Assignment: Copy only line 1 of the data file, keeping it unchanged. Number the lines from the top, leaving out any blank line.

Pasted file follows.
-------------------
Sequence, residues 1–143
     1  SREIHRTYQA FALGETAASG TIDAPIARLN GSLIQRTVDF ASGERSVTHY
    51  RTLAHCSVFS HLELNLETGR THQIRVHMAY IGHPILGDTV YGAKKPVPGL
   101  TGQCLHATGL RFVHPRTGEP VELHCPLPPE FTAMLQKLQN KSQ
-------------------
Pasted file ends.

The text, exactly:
Sequence, residues 1–143